Today, the store on Holland Avenue stands empty, rezoned for residential use. But, for more than 20 years, the soda shop owned by current New York State Attorney General Robert Abram’s parents served as the center of the Pelham Parkway South neighborhood.
Lovie Pignata’s dream is to bring back that sense of community in a new incarnation: as Morris Perk, a café that can double as a community center.
“I’m hoping to incorporate a little of everything,” Lovie says. “Afternoon bridge, mommy-children events for before they have to pick up the older kids from school, and classes, too — art classes, Mother’s Day events. Like a small community center, but it’ll be a business instead of a 501(c)(3).”
Lovie is hoping to capitalize on the diversity of The Bronx community she calls home by celebrating it at Morris Perk.
“We have a lot of flavors in our neighborhood — Albanian, Dominican, Puerto Rican, Polish, Italian,” she says. “So I will have visiting people to come in and cook. I’d like to have a varying menu.”
And she sees it as automatic marketing, as well. “If someone’s coming in to cook a lunch special,” she adds, “they’ll be telling their friends about it.”
On her way to achieving that dream, she is raising the capital to equip her restaurant-quality kitchen, welcoming interior design and going through the process of petitioning the city to rezone the storefront for commercial use.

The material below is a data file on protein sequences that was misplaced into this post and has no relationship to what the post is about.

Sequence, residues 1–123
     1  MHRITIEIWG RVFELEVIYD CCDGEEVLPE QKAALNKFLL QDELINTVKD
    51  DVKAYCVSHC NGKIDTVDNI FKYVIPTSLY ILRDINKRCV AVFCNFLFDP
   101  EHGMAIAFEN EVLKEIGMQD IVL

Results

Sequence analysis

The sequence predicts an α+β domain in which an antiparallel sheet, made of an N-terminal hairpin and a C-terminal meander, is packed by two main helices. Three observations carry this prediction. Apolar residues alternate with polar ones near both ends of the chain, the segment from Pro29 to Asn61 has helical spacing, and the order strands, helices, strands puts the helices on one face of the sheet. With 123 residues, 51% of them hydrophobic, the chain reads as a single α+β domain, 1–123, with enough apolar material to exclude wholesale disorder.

When Lovie was laid off from her job, she dug into her background to find something that truly made her happy. Looking back at an early job as a manager of a coffee shop led her to think of starting Morris Perk.
“Working as a barista, I can’t really afford to live in this day and age, but if I own it, then I can,” she says. “And I can incorporate all my interests.”
Because The Bronx is one of the last sections of New York City to experience gentrification, it has held onto its multi-ethnic, multigenerational nature so far — a unique strength for a business as rooted in community as Morris Perks hopes to be.
“I really feel like The Bronx has kept its identity and its integrity,” she says. “There’s a lot of overlapping of different kinds of people.”